The Walden Effect: Farming, simple living, permaculture, and invention.

Audio comfort level

Polaris ATV hauling boxes with Lucy looking onward

Two things I like about the Polaris 700 Sportsman are related to the engine.

The first is an engine brake. As you let off the gas some sort of braking gizmo in the engine brings the ATV to a full stop. I barely need to use the regular brakes anymore, but what I like most is the increased safety. Sometimes Lucy wants to stop in front of me for a quick smell check where she pauses and puts her nose in the air. The engine brake decreases stopping distance by a considerable amount.

Engine noise is the next thing I like compared to the 400 Polaris. I guess I prefer a more deep, throaty engine to the 2 cycle whine that sounds too much like a chainsaw for my audio comfort level.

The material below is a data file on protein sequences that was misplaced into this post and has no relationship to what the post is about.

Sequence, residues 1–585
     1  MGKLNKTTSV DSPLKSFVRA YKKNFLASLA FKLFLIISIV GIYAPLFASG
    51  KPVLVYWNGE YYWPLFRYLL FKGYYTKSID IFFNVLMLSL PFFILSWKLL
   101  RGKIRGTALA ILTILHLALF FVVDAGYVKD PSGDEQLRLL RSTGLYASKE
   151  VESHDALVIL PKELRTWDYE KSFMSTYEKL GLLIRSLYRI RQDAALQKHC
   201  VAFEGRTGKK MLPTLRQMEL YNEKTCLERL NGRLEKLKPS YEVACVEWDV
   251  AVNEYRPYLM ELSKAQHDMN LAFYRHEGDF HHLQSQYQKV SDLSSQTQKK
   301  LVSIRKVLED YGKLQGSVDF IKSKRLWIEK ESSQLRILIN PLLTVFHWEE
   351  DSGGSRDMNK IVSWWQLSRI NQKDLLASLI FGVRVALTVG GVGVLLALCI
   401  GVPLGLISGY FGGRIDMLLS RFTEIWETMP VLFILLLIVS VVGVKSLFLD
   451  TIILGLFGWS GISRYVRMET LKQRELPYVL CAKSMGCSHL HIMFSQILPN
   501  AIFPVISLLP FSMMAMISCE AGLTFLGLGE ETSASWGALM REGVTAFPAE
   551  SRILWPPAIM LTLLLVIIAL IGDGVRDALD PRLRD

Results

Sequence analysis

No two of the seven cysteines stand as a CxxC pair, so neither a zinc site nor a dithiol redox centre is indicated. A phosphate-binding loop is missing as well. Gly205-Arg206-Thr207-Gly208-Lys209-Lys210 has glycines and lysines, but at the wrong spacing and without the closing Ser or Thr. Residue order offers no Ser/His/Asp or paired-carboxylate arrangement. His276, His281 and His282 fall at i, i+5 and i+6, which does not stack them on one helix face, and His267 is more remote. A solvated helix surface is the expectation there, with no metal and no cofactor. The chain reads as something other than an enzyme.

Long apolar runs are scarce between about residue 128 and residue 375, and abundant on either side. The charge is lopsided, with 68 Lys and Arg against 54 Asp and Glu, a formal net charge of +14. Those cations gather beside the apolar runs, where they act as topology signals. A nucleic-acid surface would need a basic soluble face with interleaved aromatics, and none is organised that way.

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About us: Anna Hess and Mark Hamilton spent over a decade living self-sufficiently in the mountains of Virginia before moving north to start over from scratch in the foothills of Ohio. They've experimented with permaculture, no-till gardening, trailersteading, home-based microbusinesses and much more, writing about their adventures in both blogs and books.

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While I don't know enough about the sportsman to say that there isn't a special gizmo in the engine, I somewhat doubt it.

The thing is that 4-stroke by their nature have much more engine braking than a two stroke.

A four stroke in general has more moving parts (balancing shaft, valvetrain) than a two stroke. And in contrast to a 2-stroke it only has one power stroke in two revolutions of the crankshaft, instead of a power stroke in every revolution.

This is the reason why a 2-stroke will generally produce more power than a 4-stroke engine of the same capacity.

Modern 4-stroke engines (with EFI) will cut the fuel flow to the engine completely when you're engine braking. Two strokes that use pre-mix cannot do that because this would also starve the engine of oil.

Comment by Roland_Smith Fri Aug 23 20:09:07 2013

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